YouTubers Life 2 is a very unique simulator. While not exactly “based on real-life”, it does a good job of offering gamers a glimpse into what might be involved in the process of becoming a fancy pants online celebrity. It accurately portrays the glitz and the glamour of garnering likes and building a reputation for millions of viewers, while the person behind the camera slowly counts the subscriber count and wishes for it to skyrocket overnight. There is a tiny bit of overlap with other games like the Sims, but in the end YouTubers Life 2 stands on its own as a prominent new simulator worthy of interest and playtime. It may not be profound in any way, but it certainly is good fun.
Back 4 Blood has clearly been designed as a multiplayer first title, and this is where it excels. From the rather basic narrative, through to the exceptional level design and progression systems, Back 4 Blood inspires extreme nostalgia while adding enough to carve its own path in the gaming zeitgeist. In this sense, the card and deck-building systems work very well (despite an odd caveat or two) to provide a wonderful level of team based strategy whilst keeping the repetitive gameplay fresh. Alas, the wonky AI and barebones narrative leaves a lot to be desired for solo players. When coupled with friends, however, it provides one of the most entertaining and insanely enjoyable multiplayer experiences currently available, and acts as a worthy successor to Left 4 Dead.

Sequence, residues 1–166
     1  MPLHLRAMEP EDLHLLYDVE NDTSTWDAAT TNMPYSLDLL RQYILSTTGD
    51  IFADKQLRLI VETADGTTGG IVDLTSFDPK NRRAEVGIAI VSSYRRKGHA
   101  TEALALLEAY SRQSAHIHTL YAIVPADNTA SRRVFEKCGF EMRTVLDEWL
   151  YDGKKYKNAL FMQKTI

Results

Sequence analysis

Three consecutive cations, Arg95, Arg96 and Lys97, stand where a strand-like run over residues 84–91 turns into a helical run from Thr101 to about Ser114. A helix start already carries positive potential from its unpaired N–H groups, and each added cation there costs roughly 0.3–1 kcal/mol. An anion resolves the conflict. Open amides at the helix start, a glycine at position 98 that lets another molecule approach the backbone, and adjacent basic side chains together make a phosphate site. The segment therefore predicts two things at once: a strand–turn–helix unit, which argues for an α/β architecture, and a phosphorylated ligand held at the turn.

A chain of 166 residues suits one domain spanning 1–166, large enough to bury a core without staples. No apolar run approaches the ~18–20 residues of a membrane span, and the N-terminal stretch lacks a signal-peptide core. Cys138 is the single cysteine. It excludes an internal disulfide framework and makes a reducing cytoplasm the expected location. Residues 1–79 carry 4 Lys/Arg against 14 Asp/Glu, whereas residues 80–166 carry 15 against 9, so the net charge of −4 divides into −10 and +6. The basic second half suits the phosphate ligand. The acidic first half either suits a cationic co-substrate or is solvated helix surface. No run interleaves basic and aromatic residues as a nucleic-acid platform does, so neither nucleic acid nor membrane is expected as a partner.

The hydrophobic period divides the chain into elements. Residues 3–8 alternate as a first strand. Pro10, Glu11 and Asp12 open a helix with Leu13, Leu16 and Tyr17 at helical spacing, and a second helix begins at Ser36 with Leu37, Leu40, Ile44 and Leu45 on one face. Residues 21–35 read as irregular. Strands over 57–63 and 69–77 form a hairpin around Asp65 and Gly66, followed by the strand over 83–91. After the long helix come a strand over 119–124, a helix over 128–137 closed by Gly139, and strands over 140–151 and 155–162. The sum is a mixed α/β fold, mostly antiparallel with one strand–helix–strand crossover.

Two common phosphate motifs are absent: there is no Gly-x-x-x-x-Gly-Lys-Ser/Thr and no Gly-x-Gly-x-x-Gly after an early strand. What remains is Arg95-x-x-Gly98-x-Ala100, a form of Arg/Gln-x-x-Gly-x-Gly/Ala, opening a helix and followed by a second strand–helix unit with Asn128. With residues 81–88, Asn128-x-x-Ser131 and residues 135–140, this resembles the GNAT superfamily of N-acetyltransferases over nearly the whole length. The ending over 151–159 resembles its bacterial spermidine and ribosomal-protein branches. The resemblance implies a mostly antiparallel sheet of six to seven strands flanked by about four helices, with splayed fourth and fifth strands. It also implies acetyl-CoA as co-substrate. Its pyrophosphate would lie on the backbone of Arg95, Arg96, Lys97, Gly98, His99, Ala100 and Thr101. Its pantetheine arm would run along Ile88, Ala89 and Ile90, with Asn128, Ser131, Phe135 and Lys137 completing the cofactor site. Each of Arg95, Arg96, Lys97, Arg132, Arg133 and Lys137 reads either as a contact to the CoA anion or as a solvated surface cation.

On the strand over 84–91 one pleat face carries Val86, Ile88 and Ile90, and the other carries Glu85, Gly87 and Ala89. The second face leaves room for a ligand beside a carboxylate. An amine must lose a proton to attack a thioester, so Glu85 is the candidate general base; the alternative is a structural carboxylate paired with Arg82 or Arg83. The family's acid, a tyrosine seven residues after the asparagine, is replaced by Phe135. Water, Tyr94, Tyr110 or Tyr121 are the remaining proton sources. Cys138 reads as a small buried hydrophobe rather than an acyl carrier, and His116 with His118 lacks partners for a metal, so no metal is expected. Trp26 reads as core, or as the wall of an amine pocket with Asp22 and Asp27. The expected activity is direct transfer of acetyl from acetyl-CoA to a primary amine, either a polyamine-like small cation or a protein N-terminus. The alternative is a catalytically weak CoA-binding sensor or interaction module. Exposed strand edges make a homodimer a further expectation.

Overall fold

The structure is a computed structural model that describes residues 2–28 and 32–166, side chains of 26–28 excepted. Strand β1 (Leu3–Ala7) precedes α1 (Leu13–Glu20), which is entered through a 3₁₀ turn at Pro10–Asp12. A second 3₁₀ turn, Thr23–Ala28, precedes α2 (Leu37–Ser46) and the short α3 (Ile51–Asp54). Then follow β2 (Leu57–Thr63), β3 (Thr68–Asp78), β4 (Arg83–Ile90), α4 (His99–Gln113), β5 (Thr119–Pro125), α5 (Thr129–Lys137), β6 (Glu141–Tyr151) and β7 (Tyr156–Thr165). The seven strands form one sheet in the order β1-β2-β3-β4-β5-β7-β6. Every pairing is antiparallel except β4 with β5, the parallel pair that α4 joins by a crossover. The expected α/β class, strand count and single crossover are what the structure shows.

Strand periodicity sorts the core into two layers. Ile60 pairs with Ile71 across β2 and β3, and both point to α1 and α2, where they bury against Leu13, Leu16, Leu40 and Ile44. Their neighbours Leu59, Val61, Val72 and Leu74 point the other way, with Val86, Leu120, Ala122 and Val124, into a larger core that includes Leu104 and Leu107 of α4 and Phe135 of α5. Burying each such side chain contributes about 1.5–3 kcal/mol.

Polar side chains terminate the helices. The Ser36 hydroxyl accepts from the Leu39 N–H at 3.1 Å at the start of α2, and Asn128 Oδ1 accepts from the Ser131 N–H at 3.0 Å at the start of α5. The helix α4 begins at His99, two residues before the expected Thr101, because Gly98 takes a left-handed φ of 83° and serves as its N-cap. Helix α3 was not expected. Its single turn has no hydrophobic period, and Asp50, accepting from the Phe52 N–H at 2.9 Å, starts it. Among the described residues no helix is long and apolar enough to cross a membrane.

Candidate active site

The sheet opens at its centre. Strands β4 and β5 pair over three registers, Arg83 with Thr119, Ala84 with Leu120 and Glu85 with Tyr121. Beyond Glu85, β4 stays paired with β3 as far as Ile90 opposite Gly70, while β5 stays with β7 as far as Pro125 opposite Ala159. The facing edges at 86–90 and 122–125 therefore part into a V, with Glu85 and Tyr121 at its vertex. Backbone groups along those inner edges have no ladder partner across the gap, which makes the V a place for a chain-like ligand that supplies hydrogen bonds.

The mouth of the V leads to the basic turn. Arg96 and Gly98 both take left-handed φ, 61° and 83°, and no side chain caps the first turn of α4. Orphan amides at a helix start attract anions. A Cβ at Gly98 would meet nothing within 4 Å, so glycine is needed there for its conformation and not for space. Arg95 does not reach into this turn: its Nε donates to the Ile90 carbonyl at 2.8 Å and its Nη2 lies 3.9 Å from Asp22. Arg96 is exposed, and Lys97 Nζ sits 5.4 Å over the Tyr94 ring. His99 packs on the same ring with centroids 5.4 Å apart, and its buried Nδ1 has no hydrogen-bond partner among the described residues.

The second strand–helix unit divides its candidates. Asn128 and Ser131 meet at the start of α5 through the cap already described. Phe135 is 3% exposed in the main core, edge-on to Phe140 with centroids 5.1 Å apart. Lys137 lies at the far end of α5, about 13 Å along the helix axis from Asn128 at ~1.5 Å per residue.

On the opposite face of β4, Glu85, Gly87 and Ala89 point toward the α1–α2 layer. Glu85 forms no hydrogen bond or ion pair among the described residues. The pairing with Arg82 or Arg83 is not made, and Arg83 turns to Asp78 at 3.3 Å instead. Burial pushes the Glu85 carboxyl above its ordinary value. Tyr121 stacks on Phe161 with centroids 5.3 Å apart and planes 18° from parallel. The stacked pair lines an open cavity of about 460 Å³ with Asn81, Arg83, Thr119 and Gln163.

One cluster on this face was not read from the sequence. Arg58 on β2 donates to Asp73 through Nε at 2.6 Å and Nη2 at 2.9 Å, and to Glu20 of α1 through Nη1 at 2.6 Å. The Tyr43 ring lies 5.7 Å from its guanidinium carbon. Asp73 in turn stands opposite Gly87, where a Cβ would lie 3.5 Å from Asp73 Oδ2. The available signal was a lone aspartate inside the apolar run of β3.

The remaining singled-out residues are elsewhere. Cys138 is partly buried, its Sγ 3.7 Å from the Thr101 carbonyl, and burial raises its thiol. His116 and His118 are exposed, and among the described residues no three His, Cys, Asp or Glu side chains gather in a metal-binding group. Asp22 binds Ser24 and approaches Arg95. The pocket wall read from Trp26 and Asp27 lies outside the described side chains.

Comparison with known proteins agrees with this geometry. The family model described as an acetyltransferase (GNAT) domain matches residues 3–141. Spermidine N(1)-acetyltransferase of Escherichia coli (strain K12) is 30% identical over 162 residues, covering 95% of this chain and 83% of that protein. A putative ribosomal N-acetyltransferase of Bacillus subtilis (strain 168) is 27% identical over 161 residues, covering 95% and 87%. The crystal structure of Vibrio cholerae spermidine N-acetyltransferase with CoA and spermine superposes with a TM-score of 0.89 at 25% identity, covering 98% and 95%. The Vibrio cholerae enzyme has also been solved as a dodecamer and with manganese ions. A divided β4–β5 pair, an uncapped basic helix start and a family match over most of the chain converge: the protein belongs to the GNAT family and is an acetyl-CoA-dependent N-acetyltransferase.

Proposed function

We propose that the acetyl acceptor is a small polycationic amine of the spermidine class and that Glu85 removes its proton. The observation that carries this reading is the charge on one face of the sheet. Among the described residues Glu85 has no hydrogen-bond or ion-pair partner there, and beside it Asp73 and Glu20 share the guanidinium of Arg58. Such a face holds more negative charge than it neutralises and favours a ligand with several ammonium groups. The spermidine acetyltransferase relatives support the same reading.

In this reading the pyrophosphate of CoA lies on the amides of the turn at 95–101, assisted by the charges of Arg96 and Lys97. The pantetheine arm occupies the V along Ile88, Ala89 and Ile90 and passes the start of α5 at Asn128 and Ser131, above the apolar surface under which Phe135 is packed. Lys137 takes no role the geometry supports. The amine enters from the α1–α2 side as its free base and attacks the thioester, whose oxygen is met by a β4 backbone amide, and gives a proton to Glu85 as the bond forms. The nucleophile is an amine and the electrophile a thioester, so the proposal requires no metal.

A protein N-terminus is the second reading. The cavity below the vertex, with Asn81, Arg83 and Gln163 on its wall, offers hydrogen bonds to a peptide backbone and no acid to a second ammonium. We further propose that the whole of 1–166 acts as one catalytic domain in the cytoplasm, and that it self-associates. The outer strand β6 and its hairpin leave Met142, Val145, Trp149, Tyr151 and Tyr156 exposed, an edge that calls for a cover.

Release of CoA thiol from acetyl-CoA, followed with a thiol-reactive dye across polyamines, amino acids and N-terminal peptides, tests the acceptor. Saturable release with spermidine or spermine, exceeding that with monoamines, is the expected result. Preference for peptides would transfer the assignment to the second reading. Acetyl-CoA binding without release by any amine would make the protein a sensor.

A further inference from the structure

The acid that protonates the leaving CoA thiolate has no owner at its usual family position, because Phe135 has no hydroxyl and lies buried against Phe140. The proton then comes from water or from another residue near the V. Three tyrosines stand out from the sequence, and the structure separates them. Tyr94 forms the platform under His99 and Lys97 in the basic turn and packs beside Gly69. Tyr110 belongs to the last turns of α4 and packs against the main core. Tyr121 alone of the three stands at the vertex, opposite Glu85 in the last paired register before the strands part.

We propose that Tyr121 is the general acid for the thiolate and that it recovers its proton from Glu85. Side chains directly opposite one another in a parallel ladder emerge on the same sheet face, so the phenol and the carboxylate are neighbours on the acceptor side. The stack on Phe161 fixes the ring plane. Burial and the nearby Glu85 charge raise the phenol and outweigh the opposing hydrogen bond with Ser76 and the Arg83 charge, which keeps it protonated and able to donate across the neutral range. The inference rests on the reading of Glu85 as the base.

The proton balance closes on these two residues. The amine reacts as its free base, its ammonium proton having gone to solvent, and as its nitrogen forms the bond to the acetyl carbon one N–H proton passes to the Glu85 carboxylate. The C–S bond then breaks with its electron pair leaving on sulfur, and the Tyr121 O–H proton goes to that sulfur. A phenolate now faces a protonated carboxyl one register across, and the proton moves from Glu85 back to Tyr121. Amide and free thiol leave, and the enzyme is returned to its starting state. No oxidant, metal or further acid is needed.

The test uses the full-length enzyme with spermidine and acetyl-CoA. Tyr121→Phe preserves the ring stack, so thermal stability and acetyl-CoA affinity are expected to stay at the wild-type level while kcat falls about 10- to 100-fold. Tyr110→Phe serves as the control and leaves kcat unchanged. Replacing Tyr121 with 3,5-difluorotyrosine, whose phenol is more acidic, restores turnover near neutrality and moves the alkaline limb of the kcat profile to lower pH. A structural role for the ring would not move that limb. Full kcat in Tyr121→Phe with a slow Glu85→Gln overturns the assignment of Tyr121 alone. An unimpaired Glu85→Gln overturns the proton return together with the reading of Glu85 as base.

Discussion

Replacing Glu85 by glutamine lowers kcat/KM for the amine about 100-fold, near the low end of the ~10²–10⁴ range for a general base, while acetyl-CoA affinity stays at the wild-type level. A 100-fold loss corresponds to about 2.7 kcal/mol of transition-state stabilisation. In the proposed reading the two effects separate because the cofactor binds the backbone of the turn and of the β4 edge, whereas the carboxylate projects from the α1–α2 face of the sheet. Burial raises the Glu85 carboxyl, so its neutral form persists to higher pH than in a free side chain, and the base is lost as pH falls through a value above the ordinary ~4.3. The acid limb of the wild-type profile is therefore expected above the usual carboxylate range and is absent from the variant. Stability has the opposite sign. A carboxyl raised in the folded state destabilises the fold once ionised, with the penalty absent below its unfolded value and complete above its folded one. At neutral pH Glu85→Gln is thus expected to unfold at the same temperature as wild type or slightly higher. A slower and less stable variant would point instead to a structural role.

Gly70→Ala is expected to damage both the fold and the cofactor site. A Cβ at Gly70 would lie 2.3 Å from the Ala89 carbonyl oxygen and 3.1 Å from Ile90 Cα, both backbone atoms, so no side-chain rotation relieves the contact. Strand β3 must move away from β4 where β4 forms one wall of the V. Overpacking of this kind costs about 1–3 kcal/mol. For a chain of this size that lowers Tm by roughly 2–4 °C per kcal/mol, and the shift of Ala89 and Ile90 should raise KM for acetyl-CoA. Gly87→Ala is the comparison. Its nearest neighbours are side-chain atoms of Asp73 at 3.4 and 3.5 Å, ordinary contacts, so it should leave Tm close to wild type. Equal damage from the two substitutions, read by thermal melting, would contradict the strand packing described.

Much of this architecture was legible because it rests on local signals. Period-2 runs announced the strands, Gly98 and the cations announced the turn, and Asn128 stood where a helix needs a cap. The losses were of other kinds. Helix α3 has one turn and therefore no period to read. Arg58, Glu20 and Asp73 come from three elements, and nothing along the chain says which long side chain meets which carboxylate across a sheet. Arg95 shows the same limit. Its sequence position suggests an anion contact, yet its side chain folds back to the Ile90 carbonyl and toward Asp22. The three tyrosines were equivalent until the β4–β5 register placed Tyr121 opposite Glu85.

At first glance, Far Cry 6 appears to provide the quintessential triple-A open-world experience. However, upon closer inspection and by allowing the game to truly showcase its strengths, it quickly becomes apparent how much love and attention has been put into it. From an excellent cast spearheaded by one of the most captivating villains to appear in video games, through to an enthralling world designed around its sounds and culture; everything about the game is of a very high polish and calibre. Further cementing this notion is how the title is not filled by random missions and events; rather the missions are cleverly placed to accommodate the amigos and the plethora of gear players come across. Thus providing a wonderful sense of immersion in a world feeling alive with possibility. Although the narrative may seem plain and cliche at first; the plot soon hooks and flourishes into a veritable masterpiece of storytelling. In a sense, Far Cry 6 is a game that loves to reward scrutiny. In this way, it consistently amazes with new and exciting events while a constant dramatic narrative rumbles along in the background. It truly is exceptional and easily serves as the new bar for what this franchise can be, and ultimately is.
Overall, DC Super Hero Girls: Teen Power is a power trip through the everyday lives of three of Dark Comics’ most beloved female leads. Unfortunately, the rest of the cast does not become playable at any point – understandably so. The game is surprisingly faithful to its source material, which is [and it must be stressed] a whacky and warped television show based on the comics. The show, while not to everyones taste, does have a lot of heart, and so does the game. It is just an extreme shame how the game has no clear target audience: it looks and feels like a children’s game with strong messaging about obsession and social media. At the same time, however, it is a surprisingly deep arcade brawler, complete with customisation and extra game modes that tie back into the main experience. DC Super Hero Girls: Teen Power serves as a neat escape into the world of the television show, but ultimately fails to wow thanks to an obvious conflict around who the game’s target audience is supposed to be.